A Brief History of HRC Showcase Theatre
Subsequently HRC evolved into an entity that presents staged readings of new plays selected through a nationwide playwriting contest, perhaps the only one of its kind in the Hudson Valley. Replacing Laura Margolis as Artistic Director in 1993 was Jennifer Blood, an Associate Director and Stage Manager for the long-running soap opera “As the World Turns.” Over the next few years, owing to the influence and associations of Ms. Blood, HRC’s stages were graced by theatre and television stars such as Kim Zimmer and Paul Benedict, as well as Tony nominees Kathleen Widdoes, Larry Bryggman, and Paul Hecht, and Oscar-winner Melissa Leo. The remarkable octogenarian Faity Tuttle, who had appeared on Broadway stages with the likes of Leslie Howard, Humphrey Bogart, Henry Fonda and Melvyn Douglas, directed or starred in several HRC productions during the 1990s.
Actors weren’t the only luminaries to come to HRC in those early days. Two of the playwrights featured in the inaugural playwriting contest of 1993 were Ernest Thompson, author of the Oscar- and Golden Globe- winning screenplay for “On Golden Pond,” and Emmy nominee Michael Ryan, who later assumed the duties of Artistic Director.
Over time, the peregrinations of HRC brought it to such venues as North Pointe in Kinderhook, the Pleshakov Music Center, Stageworks/Hudson, Time and Space Limited (TSL), and the First Reformed Church of Hudson.
As the turn of the century approached, new leaders stepped forward. In 1999, Father Hedrick (for whom the HRC Playwriting award is named) stepped down as president, and was succeeded by the late Jan Grice. A year later cabaret singer and one-time Broadway actress Florence Hayle began a ten-year tenure as General Manager, overseeing many of the organization’s administrative details. Around the same time, Barbara Waldinger was named Artistic Director, in which capacity she continues to serve to this day. In directing HRC’s readings since the year 2000, Dr. Waldinger displays a unique approach. One innovation has been casting: she has gradually recruited more actors from the local upstate community of accomplished professionals, adding them to the mix of New York City-based players that previously formed the core of HRC’s actor pool. Another hallmark has been an extensive dialogue with the playwright and actors, via e-mails and telephone, in the weeks leading up to each reading, encouraging a free and open exchange of ideas. Finally, in staging the reading, Dr. Waldinger steers away from the conventional use of chairs and music stands, while adhering to Actors’ Equity Association guidelines.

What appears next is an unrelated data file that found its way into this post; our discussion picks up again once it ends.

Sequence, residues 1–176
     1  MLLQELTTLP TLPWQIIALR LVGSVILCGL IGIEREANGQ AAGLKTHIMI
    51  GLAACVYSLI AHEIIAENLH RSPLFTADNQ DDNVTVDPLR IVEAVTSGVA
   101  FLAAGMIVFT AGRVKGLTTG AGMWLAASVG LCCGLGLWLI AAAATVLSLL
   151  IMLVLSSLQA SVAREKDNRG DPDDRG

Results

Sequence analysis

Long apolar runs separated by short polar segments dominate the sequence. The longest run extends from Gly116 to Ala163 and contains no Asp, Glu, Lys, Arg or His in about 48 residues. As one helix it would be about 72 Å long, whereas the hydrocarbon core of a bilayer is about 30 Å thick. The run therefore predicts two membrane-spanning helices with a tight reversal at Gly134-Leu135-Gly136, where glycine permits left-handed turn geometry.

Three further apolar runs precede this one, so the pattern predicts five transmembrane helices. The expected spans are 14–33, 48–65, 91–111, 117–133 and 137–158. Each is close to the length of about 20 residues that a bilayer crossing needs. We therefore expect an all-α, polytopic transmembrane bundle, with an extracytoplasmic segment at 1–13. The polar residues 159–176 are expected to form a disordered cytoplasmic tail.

The new millennium brought more changes. In 2002 the company, recognizing that it had long since grown from presenting classical plays to showcasing new ones, officially changed its name to HRC Showcase Theatre. Jan Grice, after eleven years in office, retired from the presidency in 2010. Subsequent presidents Don Reynolds, Robert Bisson, and most recently Sandra Gill have continued the tradition of strong and dedicated leadership. In 2021 Marnie Andrews, a skilled actress, director and teacher, succeeded her as president.
In the past few years, with the acceptance of electronic submissions, the playwriting contest has attracted more than 200 entries annually, from which the play selection committee chose five for readings.
With all the growth and change, certain traditions remain immutable at HRC Showcase Theatre. Each reading is followed by a spirited talk-back with the director, the actors, and the playwright. The writers often travel long distances to see their work brought to life and to hear comments and suggestions from the company’s loyal and insightful audience. Most important, HRC Showcase Theatre has remained faithful to the purpose set forth in its original mission statement: to afford audiences diverse and thought-provoking experiences that reflect on life’s challenges, mysteries, and triumphs.